Plunging river levels along the Mississippi River are causing serious issues for barge traffic. The U.S. Coast Guard closed 11 miles of the river near Greenville, Miss., Monday. Almost 100 vessels are stuck waiting for the river to be dredged before they can finish their trip, according to Reuters.
Falling river levels are not uncommon during the summer months in the central and eastern United States. However, the historic drought over much of the middle of the nation has the mighty Mississippi running well below normal, the lowest levels since 1988. Since little rainwater is flowing into the Mississippi in the drought-stricken Midwest, it is affecting the water levels downstream.
Very low water levels have exposed shoals, potentially putting river traffic at risk for running aground.
The area of river closed Monday by the Coast Guard has been closed on and off since Aug. 12, when a barge ran aground, CNN reported. Some docking locations are becoming too shallow to remove cargo easily.
The problems will continue through the autumn, unless widespread and regular rain comes. On average, river levels and water tables reach their lowest point during the autumn, barring intervention of tropical weather systems.
"At the low water reference point of minus 3.5 feet, a safety zone is established in the navigation channel and some restrictions by the United States Coast Guard may be put in place," St. Louis Army Corps of Engineers Public Affairs Chief Mike Peterson said in July. "Officials will continue to patrol the river and may undertake dredging operations as necessary to keep channels and ports open."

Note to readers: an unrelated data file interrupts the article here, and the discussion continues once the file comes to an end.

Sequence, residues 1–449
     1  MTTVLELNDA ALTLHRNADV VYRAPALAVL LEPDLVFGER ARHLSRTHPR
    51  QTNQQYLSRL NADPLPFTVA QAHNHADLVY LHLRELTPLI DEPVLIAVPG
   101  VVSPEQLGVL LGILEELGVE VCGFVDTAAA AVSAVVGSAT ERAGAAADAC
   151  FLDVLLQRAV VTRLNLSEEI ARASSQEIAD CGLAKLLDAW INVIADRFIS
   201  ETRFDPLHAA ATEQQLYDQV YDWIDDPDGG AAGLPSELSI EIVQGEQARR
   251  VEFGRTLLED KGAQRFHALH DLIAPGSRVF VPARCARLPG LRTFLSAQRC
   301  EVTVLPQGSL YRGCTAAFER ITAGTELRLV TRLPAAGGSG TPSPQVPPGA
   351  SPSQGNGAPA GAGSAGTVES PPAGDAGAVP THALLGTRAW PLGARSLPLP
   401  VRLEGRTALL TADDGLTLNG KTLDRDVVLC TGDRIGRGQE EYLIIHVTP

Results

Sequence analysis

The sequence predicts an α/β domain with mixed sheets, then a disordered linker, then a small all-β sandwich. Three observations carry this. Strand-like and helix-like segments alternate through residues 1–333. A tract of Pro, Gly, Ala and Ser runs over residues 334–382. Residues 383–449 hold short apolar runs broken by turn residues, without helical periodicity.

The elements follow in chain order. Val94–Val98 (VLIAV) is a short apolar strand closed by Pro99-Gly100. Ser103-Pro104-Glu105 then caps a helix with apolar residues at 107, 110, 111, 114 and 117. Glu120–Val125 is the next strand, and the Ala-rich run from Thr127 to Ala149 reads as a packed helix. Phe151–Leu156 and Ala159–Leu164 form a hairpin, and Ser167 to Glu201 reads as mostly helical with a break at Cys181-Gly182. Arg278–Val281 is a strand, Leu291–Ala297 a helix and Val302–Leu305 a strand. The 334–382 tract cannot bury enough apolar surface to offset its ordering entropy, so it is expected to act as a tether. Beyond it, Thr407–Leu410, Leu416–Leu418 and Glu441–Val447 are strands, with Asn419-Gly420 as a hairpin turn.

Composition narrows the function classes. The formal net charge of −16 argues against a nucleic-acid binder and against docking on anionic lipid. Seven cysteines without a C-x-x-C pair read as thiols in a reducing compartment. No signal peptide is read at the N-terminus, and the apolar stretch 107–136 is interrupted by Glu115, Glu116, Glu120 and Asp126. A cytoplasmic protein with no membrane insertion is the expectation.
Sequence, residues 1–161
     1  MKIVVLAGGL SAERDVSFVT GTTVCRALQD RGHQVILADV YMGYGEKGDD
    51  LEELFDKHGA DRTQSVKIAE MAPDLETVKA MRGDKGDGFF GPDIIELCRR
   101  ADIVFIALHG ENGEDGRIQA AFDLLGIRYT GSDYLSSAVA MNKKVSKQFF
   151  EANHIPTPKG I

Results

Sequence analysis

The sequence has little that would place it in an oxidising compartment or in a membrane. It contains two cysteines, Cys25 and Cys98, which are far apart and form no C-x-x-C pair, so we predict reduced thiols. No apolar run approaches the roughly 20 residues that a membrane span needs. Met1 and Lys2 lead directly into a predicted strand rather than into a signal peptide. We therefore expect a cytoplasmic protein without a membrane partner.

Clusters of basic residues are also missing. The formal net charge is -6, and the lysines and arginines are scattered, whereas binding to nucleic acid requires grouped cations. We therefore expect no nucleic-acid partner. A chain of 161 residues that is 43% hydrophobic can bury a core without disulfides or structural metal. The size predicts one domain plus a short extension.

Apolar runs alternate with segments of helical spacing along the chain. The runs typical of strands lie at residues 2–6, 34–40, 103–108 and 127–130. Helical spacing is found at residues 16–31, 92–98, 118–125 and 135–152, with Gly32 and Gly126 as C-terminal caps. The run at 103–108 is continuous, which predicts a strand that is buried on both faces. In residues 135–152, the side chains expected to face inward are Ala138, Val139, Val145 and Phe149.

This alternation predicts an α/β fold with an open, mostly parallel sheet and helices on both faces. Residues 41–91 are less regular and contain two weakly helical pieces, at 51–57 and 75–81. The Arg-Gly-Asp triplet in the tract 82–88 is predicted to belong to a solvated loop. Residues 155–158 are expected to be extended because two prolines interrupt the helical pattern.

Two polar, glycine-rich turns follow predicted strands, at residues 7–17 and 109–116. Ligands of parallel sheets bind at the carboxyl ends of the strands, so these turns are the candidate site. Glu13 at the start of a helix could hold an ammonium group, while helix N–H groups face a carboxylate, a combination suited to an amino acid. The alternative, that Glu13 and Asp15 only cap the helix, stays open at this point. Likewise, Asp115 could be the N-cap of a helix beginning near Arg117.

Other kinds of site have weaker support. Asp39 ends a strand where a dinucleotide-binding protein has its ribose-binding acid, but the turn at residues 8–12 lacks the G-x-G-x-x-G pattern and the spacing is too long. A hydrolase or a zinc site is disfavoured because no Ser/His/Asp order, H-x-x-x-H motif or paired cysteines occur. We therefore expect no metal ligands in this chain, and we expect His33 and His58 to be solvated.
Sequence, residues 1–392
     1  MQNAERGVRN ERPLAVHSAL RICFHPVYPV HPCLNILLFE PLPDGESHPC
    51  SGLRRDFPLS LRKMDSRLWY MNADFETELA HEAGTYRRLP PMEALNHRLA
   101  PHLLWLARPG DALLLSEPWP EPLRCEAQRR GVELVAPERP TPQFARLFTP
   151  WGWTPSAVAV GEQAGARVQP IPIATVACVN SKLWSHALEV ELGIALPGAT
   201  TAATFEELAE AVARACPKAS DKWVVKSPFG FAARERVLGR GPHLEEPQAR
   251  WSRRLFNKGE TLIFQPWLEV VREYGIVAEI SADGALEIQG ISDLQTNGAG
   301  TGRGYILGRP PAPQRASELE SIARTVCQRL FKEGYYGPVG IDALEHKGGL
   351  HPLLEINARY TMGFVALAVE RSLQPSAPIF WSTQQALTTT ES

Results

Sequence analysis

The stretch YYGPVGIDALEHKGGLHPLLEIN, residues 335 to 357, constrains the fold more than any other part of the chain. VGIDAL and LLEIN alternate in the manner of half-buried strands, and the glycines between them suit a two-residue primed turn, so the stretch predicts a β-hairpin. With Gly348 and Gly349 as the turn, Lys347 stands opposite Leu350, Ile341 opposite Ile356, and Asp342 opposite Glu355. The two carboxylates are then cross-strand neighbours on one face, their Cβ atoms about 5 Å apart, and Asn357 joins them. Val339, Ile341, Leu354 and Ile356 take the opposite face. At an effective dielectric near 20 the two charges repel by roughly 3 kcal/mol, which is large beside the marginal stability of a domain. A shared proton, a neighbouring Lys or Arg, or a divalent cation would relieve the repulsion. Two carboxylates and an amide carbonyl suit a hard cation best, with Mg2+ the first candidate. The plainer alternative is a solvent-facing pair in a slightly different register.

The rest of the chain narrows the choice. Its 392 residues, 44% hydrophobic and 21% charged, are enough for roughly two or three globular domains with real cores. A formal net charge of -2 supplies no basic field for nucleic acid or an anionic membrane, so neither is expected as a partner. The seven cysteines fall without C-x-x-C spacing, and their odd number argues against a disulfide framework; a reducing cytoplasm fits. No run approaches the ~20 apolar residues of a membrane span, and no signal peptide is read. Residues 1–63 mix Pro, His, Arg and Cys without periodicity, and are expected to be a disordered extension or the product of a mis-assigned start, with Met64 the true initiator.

The river level at St. Louis is forecast to fluctuate between 0.0 and -1.0 feet through much of the balance of August, but could dip lower to critical levels moving into the autumn. Negative readings occur on some of the gauges, because the river bottom has changed since measuring equipment was first put in place.
Due to the low river levels, barges operating in open areas of the Mississippi will continue to voluntarily carry lighter loads in attempts to avoid running aground. The lighter loads mean less profit for the barge companies, while some cargo may be shipped by more expensive means such as by truck or rail.
This story was originally published on Thursday, July 5, 2012 and has been updated. Content contributed by AccuWeather staff writer Grace Muller.
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Columbia, SC (1991)
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